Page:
Second, shortage of defence lawyers. As I’ve noted, savage cuts in legal aid have caused an exodus of both solicitors and barristers from the work, which simply doesn’t pay. It’s not just the lower fees, its flat rating fees so there’s little difference between a massive brief and a minor one. This may not seem worrying to Tories, who have moved seamlessly from being the party of law and order to the party that loathes law – our highest judges are ‘enemies of the people, judges re using judicial review to overturn wise, well-thought out government policies, ‘activist’ lawyers are preventing us from dispatching asylum seekers, and of course, defence lawyers are over-paid claret swigging parasites (not City commerical lawyers though, it appears). But you can't – or can't yet, anyway, though Priti Patel, that authoritarian nightmare, may yet sort this one out – have trials, if there’s no defence lawyer. The Government has set in motion an independent review of legal aid, but there’s no money in the SR outcome to fund an increase. And this is ironically one area where the Government is really at the mercy of the market.
Finally, there is MoJ’s track record of incompetence: its poor financial management over the past decade, leading to a massive structural overspend since 2015, its botched privatisation of probation and of FM in prisons, repeated botched procurement of tagging, its court programme that cost more than was planned and delivered fewer benefits than was planned, the near complete failure to deliver the previous, far less ambitious prison building programme, the long delays at fully opening their largest ‘flagship’ new prison, Berwyn. There is something truly bizarre about a Government which so publicly despises its civil servants, but still expects them always to do more, faster, and somehow, this time, get it all right and on time.
(The Telegraph thinks the answer is to put in ‘business experts’ – gosh, isn't it amazing that no one has ever thought of that before! But then, the Telegraph also think that the PUSS, Antonia Romeo, will change MoJ’s luck, because she knowns about, well, ‘data’ (wasn't there some chap from Barnard's Castle made the same claim?) and is a new broom. I don't want to be the one to tell them that she was the top official charged with ‘transformation’ in the MoJ in the 2010s: her prints are all over the record of MoJ in that decade.)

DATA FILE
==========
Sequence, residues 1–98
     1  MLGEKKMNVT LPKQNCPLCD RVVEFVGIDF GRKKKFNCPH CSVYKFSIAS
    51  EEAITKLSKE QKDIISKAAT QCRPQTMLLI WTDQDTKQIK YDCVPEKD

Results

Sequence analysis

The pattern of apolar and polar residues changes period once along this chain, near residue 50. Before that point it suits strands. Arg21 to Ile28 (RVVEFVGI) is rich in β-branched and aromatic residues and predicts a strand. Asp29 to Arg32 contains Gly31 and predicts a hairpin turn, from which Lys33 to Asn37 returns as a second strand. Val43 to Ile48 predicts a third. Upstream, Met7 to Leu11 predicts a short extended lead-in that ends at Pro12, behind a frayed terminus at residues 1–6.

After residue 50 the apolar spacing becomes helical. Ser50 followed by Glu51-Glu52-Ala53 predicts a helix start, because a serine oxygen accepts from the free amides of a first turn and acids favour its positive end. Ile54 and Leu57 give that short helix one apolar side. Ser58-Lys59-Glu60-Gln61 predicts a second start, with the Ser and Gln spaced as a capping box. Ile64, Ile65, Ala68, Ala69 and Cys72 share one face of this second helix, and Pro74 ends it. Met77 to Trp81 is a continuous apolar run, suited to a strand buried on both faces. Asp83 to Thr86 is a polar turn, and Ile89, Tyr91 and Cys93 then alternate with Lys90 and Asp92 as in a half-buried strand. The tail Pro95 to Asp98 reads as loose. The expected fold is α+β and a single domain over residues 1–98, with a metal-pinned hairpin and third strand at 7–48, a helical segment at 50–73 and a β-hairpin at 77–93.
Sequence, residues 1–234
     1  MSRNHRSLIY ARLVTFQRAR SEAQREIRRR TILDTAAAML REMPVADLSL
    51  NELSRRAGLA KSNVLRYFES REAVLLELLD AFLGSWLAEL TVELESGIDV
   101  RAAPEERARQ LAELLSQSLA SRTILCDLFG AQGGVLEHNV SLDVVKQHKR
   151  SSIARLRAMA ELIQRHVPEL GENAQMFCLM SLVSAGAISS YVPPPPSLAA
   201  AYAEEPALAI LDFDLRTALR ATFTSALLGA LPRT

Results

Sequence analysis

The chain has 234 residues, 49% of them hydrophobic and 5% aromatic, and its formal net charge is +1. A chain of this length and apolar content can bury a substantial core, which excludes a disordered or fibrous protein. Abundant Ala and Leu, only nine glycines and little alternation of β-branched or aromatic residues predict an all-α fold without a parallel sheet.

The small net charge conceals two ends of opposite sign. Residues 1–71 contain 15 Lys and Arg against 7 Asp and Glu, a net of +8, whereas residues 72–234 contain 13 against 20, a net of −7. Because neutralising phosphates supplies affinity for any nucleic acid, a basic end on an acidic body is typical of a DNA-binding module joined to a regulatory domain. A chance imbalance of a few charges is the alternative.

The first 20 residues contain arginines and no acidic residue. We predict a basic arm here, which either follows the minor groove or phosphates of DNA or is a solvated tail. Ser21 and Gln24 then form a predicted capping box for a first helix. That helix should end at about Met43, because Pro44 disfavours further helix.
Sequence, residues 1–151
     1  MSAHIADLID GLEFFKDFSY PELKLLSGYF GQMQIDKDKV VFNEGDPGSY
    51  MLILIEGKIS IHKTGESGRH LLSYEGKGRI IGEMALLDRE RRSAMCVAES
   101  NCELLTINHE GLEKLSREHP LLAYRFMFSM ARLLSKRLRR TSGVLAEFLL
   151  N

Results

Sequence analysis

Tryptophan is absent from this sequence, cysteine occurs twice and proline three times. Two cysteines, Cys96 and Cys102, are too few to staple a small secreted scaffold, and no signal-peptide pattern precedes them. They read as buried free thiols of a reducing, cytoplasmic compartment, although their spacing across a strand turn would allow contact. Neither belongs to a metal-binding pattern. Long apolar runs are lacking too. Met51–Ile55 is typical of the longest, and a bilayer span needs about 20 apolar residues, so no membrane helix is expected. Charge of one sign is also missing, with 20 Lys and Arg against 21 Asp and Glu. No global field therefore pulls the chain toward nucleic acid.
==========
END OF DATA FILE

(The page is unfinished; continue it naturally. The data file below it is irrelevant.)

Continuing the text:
What should they have done, then?
Be honest, for starters.
Look at the data, see that crime is far less of a problem now than for generations, as is fear of crime, that we have other, much more grievous problems, that also need money. Educate the Neanderthals on crime and punishment. Step use of custody down, not up, cancel those new prisons. Look at the rest of Europe for ideas, not just the prison-mad USA.
Plan changes to the criminal justice system on a whole system basis. See that in dealing with crime, speed and fairness of justice is much more important than weight of punishment. Pace increases in processing upstream in a way that the impact can be managed safely downstream. And fund criminal legal aid adequately.
Make plans that your organisation can conceivably deliver. Empower the prison service to run its own itself, with its own finance, procurement, estate management - the way the Tories did in the 1990s, when we pulled the service out of disaster, instead of plunging it into decline.
And remember that only one political party has ever managed to talk use of custody down, to publicly recognise that prison does little social good, and in so doing, to close prisons because they were no longer needed.
1) Thus "£90m over 3 years" has very different meaning it is it 30/30/30 than if it is 10/20/60. The latter is worth twice as much long term
2) Not much of that down to me. Home Office Civil Servants David Acland and Tim Wilson did an astonishing job inventing PFI from scratch - you really dont need £5000 a day consultants - while the ever reliable David Kent handled prison procurements for me and, let me say, not one of those deals fell over, as Birmingham prison, probation outsourcing, and FM contracting out all did in the 2010s.
I was formerly Finance Director of the Prison Service and then Director of the National Offender Management Service responsible for competition. I also worked in the NHS and an IT company. I later worked for two outsourcing companies.